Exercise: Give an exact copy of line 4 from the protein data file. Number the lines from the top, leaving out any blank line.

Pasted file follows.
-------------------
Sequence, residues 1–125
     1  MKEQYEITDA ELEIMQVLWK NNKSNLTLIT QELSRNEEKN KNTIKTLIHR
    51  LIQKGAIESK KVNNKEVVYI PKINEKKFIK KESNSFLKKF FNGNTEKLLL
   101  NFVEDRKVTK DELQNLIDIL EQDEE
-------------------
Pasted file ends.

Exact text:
   101  NFVEDRKVTK DELQNLIDIL EQDEE